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Lutris Updated With D3D12 DLL Provided By VKD3D-Proton

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  • pal666
    replied
    Originally posted by Auzy View Post
    Got a link explaining why they didn't accept it? It's probably not the right way of doing things long term..
    they didn't accept it because their (paying)target audience is macos users who have no vulkan. long term opengl is dead. basically, you live in some inverted reality

    Leave a comment:


  • pal666
    replied
    Originally posted by Auzy View Post
    C++ / OOP doesn't magically make things better. In fact, bad OOP code is WORSE than C code, and you increase the barrier to entry..
    in fact c++ is not an object oriented language and there's plenty of oop code written in c, including in linux kernel which you used as example.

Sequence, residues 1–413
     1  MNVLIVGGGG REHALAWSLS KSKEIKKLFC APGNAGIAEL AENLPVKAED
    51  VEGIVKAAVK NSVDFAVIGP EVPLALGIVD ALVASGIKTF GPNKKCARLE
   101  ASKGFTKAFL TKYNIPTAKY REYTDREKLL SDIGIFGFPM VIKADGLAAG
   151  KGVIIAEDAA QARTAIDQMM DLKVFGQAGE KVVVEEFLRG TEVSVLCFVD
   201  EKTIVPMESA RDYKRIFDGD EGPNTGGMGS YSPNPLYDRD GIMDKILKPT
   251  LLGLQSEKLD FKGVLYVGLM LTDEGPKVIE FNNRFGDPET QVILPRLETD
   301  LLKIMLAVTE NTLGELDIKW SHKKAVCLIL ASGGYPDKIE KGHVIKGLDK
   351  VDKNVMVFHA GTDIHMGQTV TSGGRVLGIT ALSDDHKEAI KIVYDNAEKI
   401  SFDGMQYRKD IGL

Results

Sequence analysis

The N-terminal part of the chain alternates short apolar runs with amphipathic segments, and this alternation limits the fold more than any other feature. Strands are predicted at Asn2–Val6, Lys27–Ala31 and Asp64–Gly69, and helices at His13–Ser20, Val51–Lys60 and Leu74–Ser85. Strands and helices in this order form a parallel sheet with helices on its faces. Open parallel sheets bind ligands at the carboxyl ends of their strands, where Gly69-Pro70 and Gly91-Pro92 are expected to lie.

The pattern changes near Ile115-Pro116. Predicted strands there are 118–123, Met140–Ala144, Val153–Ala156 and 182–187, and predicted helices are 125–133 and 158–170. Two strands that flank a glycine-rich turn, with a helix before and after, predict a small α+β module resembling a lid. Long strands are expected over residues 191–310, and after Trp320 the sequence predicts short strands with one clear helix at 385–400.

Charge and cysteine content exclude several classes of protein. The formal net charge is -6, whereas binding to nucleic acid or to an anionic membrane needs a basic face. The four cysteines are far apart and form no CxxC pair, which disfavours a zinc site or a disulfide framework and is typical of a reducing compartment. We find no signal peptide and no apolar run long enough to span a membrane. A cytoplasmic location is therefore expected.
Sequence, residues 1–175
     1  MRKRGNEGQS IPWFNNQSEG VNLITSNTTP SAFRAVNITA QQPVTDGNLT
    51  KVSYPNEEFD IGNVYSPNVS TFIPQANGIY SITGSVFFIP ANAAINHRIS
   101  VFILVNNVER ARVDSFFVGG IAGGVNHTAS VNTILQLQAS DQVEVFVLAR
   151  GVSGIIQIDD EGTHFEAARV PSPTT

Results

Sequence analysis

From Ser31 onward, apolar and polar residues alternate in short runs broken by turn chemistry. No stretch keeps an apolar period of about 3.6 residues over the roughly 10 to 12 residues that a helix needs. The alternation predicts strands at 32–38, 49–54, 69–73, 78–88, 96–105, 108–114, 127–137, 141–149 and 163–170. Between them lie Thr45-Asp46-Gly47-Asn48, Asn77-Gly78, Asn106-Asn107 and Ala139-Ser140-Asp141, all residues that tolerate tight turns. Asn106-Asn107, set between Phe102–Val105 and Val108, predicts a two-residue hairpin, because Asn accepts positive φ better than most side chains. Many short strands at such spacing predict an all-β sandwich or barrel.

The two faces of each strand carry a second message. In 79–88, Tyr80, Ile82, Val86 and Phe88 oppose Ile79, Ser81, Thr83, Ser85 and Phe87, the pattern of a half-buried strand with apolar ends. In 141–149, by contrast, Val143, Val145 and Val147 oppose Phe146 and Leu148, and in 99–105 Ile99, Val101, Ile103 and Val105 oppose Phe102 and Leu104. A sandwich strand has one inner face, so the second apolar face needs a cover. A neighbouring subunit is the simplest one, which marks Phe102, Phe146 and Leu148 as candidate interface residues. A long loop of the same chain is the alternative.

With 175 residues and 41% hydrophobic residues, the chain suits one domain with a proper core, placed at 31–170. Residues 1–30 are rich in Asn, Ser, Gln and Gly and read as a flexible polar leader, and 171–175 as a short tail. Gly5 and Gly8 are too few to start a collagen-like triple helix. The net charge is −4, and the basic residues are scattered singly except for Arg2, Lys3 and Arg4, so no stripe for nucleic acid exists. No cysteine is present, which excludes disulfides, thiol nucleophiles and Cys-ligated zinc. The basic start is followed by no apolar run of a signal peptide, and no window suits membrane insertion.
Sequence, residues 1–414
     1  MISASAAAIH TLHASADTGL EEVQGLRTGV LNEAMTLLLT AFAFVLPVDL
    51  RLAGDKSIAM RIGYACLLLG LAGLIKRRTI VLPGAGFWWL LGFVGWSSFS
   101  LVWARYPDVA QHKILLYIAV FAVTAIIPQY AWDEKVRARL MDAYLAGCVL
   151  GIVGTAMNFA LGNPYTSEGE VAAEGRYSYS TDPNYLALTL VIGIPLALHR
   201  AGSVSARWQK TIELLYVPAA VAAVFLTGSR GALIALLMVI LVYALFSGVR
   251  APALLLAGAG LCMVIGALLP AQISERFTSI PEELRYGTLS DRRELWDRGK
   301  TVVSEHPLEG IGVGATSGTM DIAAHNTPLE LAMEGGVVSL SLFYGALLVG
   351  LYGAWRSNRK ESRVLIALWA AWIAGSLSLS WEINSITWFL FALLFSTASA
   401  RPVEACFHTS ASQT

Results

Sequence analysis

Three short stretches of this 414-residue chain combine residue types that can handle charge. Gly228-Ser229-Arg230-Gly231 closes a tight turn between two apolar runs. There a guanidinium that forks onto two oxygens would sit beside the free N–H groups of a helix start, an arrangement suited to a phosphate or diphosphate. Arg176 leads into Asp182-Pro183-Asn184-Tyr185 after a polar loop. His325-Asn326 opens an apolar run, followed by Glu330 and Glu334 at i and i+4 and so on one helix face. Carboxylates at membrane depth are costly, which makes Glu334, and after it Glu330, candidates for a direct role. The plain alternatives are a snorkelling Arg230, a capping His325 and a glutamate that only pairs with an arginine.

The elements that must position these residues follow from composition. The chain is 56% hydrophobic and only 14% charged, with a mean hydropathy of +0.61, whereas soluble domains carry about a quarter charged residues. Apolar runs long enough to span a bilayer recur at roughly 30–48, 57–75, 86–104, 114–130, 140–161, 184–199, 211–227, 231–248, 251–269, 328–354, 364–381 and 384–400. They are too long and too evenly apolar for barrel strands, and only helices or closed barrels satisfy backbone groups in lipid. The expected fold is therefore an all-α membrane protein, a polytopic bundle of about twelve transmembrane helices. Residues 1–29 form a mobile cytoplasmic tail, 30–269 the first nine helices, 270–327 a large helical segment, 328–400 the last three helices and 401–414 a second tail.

Originally posted by Auzy View Post
    You also increase the bugs
    it's a lie, it reduces the bugs
    Originally posted by Auzy View Post
    , and if you run both C++/C, you just introduce a whole bunch of new issues..
    most c++ programs contain pieces of c code, c++ was explicitly designed for it, again nothing but lies from you.
    Originally posted by Auzy View Post
    GREAT! Yes, just rewrite 27 years of code so it can be OOP for no reason, and to reduce the number of developers who can assist..
    i've already pointed out your confusion of c++ with oop. now you are suggesting rewrite. did dxvk rewrite 27 years of code?
    Originally posted by Auzy View Post
    Linus Torvalds (who wrote Linux from scratch), also doesn't use C++.
    another lie. linus torvalds has ported his program subsurface from c and gtk to c++ and qt many years ago
    Originally posted by Auzy View Post
    Linux Kernel uses C90 apparently.. So, you better tell Linus he's wrong too